Leading the way

J-Source's Lauren McKeon joins the audience in Toronto as APTN's Cheryl McKenzie speaks with warmth, wit, and self-deprecation about the aboriginal network, and her own personal journey.

J-Source's Lauren McKeon joins the audience in Toronto as APTN's Cheryl McKenzie speaks with warmth, wit, and self-deprecation about the aboriginal network, and her own personal journey.

First the elder speaks, burning sage in front of the microphone, the screen, and the flashing face of APTN’s Cheryl McKenzie. It’s an anachronistic jumble made starker by the tradition-steeped Arts and Letters Club Toronto venue. In his opening prayer, the elder tells the gathered crowd of 100 that “women must lead First Nations out of our present situation.”

No doubt, McKenzie is one of those women. The Winnipeg-based host/producer of two of APTN’s most lauded shows, InFocus and Investigates, is here for the first lecture in the Ryerson Centre for Indigenous Governance series focusing on indigenous women leaders. Through her work, and by example, McKenzie tackles every bit of the “present situation”: overwhelming suicide rates, addiction, mental health issues, low-income, community violence, high incarceration rates, self-governance struggles – it goes on and on.

In person, McKenzie is warm, witty, and a little self-deprecating all at once. She opens with a quip: “I bet you all are thinking ‘she looked much taller on TV.’” Then she tells us she’s going to share a little bit about herself, starting with this remark about both APTN InFocus and Investigates: “I never thought we were going to say we were going into season three.”

McKenzie grew up in Winnipeg. While she didn’t live on reserve, many of her family members did and she visited often. Both her parents were residential school survivors; her father remained fluent in the Ojibwe language. McKenzie’s first experience with what it might mean to be aboriginal in the larger world came when she overheard her mother pressuring her father to teach her and her siblings how to speak the language. He barked, “What do they need that for?” It was, she told the audience, the first time she thought about the harsh realities her father grew up with – and about the ones that still may exist.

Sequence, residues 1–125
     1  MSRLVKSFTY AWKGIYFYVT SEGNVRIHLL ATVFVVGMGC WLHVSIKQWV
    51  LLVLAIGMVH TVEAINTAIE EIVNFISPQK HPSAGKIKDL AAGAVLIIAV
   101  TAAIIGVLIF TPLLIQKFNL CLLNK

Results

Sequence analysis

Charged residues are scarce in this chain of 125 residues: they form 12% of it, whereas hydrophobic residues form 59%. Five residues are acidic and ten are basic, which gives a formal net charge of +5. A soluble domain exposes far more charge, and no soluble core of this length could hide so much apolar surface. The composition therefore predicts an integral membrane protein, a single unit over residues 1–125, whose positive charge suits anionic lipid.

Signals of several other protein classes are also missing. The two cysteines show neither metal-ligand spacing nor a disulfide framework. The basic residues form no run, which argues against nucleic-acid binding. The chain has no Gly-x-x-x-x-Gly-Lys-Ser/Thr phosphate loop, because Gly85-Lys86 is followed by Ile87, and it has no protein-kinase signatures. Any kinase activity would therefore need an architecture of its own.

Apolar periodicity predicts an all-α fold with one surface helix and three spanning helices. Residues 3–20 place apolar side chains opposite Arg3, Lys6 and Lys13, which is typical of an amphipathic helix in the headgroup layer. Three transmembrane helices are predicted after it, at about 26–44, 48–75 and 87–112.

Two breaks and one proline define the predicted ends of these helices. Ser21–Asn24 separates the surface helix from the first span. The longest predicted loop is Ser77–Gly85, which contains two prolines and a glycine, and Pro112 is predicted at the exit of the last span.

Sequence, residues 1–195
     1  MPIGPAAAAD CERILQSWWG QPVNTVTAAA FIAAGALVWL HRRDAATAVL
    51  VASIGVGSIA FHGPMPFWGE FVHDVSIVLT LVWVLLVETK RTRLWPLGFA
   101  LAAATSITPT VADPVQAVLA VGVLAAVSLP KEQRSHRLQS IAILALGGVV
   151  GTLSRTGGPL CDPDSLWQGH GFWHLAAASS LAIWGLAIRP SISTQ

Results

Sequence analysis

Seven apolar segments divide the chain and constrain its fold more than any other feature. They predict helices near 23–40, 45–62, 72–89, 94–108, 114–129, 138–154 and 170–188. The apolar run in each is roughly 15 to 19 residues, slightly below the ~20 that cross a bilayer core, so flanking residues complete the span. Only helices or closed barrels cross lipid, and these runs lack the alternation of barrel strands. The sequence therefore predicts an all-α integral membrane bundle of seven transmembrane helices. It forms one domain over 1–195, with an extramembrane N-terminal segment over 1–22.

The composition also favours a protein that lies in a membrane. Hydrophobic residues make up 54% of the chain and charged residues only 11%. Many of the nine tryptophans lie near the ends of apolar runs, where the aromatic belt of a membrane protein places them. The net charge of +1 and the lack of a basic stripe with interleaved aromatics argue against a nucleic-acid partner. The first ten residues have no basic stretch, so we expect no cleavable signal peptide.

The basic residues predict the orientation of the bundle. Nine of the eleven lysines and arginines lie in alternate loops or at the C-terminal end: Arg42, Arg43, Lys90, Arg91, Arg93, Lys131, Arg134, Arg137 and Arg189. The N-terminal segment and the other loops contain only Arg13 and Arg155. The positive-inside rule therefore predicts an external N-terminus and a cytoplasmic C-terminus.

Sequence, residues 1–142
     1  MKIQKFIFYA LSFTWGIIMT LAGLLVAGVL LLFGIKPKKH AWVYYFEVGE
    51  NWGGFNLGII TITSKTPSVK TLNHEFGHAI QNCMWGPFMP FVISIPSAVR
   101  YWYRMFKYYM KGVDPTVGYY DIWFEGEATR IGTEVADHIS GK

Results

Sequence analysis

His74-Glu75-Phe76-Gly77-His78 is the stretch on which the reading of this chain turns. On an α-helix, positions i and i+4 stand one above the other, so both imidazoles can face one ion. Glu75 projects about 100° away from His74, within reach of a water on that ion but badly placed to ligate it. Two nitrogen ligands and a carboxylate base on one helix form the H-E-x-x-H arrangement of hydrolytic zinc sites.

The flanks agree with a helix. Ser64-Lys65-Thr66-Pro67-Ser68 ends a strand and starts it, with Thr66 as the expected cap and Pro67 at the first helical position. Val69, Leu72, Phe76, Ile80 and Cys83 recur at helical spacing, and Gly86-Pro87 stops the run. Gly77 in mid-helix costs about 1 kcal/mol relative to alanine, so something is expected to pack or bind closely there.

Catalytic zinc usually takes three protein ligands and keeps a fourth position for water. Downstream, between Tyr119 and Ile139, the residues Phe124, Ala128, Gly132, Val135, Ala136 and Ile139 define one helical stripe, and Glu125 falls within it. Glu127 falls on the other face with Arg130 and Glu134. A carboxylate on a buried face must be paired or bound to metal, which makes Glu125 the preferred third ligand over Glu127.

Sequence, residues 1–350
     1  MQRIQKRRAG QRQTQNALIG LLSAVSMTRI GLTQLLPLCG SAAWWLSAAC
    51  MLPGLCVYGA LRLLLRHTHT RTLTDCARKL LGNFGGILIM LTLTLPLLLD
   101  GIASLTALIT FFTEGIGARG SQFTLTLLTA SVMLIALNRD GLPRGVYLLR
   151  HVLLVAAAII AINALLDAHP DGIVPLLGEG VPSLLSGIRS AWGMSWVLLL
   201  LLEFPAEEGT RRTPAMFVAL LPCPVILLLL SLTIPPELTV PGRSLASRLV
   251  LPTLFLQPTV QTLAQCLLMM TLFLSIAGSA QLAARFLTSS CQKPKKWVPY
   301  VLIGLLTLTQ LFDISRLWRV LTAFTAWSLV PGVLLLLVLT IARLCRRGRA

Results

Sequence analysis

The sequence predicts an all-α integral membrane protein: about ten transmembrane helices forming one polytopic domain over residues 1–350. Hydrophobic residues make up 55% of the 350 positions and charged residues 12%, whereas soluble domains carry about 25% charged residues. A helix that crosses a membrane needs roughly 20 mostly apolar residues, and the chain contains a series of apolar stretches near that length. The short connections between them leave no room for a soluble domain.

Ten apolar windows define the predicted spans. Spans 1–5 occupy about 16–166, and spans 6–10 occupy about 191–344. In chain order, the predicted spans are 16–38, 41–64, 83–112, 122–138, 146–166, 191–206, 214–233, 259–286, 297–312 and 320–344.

Initially, McKenzie wanted to be a chef. She was working in Winnipeg’s then top restaurant when she was still a teenager. But then at 19 her life changed. “What do young people do?” she asks the crowd, with a smile, “We move to Vancouver.” She did, with her boyfriend at the time. “Well,” she says, “I got pregnant and plans changed.” McKenzie eventually moved back to Winnipeg with her son only.

Shortly after, with some encouragement, McKenzie enrolled in the University of Winnipeg, with the intent to major in political science. The classes made her too angry. “It was Canada this, Canada that,” she says, “[I remember] sitting in class, always wanting to put up my hand [and ask], ‘But where are all the Indians?’” She switched her major to philosophy, graduated and got a job as an employment councilor.

Things changed, however, when a CBC radio internship opening landed on her desk. McKenzie submitted all the applications that came her way – as well as her own. She got the job. After nine months, though, the internship funding dried up. “And,” she tells the audience, “They also told me they didn’t think I could do it.”

Now, here’s why McKenzie is inspiring: “That day they let me go, I walked up five blocks to APTN and there happened to be a job opening.” McKenzie applied on the spot and the very next week she started her career at APTN in June 2001. “APTN believed in me,” she says, “and they gave me the opportunity.”

McKenzie started as a reporter, eventually becoming a full-time anchor. “It wasn’t a smooth start,” she says, laughing, “that’s for sure.” Luckily, she got to learn from some of the best broadcast minds across Canada.

But that’s enough about McKenzie.

Really, that’s enough. McKenzie worries that while APTN is a definite plus, it might also be a bit of a negative. She mulls out loud over whether other networks skimp on aboriginal coverage because they know APTN dedicates all their programming to it. If that’s true, is it right? Probably not.

And so, though McKenzie had an hour to spend talking about her own journey, she instead chooses to show a 20-minute clip highlighting other indigenous women leaders from across Canada, and the issues they’re tackling. That’s just the type of person she is. Because in the end, says McKenzie, it’s all about rebuilding nations, and moving forward – and that cannot happen quickly enough.

Watch APTN’s clip of the event here